We had all been working together on the ceremony to-do list, boys and girls, until it came time for a segregation of sorts. The boys mostly sporting scruff, continued setting up chairs, cutting wood and moving branches. We girls set out to the prairie, yet the Wisconsin soil was still uniting.
First a little hesitant, we seemed to be embarking into the unknown, or like climbing waves in an ocean deep-blue. Once we passed the part where our feet were no longer seen and confidence was gained, we dispersed ourselves amongst the field of wildflowers.
Even though we were but a short distance from the Rabbit’s hole, and even closer still was the tent with most of the boys gathered under; it was us girls alone in the prairie, with the surrounding stems, the dark toned trees in the distance, and the blue sky above. We were in a world of our own, collecting to adorn.
We had just missed the peak of the prairie, when all the flowers were in their most vivid state, yet we embraced the phase they were in, mixing coneflowers with their fallen pedals amongst strands of big blue stem, queen anne’s lace and blazing stars. It was as though we were giving them a ceremonial finale, one last chance of beauty. Though accepting of the dying flowers, we were still however picking for the sake of aesthetic, and no single stem would pass without being considered bouquet-worthy.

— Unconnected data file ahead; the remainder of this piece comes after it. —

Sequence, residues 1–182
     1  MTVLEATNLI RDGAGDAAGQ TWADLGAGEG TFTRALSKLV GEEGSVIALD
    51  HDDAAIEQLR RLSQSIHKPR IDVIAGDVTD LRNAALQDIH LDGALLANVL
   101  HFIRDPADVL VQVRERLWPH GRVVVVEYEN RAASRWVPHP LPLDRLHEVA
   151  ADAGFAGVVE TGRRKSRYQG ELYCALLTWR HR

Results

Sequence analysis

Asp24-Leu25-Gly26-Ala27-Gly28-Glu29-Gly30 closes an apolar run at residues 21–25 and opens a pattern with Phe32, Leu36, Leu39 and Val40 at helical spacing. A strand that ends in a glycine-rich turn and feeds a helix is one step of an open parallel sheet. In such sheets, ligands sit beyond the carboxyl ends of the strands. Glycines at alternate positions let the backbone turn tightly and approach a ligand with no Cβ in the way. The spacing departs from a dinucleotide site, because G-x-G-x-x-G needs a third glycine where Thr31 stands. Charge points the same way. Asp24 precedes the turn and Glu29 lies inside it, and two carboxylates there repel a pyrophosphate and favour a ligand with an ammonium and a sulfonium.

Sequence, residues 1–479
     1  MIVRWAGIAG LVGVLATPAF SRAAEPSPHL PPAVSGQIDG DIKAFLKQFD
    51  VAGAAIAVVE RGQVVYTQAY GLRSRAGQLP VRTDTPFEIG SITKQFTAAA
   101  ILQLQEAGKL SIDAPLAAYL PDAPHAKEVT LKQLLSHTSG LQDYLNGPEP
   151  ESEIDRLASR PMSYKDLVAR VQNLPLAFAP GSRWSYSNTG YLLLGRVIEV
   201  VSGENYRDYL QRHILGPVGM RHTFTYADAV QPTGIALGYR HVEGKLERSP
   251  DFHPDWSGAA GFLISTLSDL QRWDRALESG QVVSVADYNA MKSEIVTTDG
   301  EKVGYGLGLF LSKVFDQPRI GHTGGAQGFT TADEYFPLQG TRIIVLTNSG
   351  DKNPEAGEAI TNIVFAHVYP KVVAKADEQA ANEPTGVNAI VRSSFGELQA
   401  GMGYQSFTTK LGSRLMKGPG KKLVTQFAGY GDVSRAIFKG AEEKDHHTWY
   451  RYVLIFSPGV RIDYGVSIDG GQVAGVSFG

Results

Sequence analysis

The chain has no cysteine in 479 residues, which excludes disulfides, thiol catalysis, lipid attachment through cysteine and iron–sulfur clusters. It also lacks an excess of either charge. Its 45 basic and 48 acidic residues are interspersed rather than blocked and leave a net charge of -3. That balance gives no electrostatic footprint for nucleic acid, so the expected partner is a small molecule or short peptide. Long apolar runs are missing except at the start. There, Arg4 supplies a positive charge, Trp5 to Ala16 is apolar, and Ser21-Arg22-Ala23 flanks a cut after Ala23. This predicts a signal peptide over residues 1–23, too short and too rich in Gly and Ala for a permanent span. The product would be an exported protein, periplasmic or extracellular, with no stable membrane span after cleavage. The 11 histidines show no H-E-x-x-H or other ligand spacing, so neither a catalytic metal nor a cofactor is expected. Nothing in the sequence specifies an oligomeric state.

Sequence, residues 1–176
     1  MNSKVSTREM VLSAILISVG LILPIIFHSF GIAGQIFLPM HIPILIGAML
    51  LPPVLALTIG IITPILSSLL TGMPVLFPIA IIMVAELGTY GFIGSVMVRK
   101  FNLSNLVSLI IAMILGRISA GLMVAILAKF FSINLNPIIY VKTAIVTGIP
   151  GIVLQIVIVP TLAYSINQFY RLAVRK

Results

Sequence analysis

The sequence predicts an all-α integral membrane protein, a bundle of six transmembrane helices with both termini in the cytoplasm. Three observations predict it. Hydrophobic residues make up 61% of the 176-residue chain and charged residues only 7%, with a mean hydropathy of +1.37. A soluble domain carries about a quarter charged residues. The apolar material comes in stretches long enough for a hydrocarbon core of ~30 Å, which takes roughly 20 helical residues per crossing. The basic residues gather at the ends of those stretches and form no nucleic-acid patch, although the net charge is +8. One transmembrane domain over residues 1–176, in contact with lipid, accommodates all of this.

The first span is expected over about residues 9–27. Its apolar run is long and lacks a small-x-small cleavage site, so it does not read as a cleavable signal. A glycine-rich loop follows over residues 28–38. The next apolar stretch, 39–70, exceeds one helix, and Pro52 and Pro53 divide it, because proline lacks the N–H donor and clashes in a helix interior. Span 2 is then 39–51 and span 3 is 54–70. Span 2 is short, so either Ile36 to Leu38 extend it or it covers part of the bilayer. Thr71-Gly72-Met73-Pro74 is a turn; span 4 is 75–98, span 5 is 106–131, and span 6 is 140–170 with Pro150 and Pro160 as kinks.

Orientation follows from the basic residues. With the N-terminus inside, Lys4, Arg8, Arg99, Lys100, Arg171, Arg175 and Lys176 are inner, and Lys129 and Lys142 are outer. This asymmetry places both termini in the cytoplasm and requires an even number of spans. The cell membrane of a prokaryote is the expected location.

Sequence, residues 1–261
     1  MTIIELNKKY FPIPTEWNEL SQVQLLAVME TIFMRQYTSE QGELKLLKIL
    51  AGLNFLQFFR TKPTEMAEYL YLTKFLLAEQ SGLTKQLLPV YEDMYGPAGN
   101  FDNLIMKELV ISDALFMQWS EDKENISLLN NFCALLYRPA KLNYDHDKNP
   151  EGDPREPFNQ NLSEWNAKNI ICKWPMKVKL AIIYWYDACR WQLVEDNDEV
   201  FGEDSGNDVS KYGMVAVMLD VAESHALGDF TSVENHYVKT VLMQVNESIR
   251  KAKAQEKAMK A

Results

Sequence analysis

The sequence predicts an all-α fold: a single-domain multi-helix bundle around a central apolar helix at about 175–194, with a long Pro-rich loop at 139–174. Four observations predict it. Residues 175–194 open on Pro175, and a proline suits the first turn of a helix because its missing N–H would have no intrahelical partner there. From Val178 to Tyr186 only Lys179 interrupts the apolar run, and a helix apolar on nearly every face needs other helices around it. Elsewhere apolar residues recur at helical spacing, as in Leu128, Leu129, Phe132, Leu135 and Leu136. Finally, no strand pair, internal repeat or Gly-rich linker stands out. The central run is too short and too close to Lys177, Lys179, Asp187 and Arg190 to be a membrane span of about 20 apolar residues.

It was such a simple request from Emily to help her gather flowers for her bouquet. Something that we could all contribute in, and express our love and friendship with each blossom picked. As I reflect back on that afternoon I think of the poem, ‘Song of the Flower XXII’ by Khalil Gibran:
I am the lover’s gift; I am the wedding wreath;
I am the memory of a moment of happiness;
I am the last gift of the living to the dead;
I am a part of joy and a part of sorrow.
The event of picking flowers is more symbolic than we allowed to surface. It was the simplicity of it that was ever-so uniting.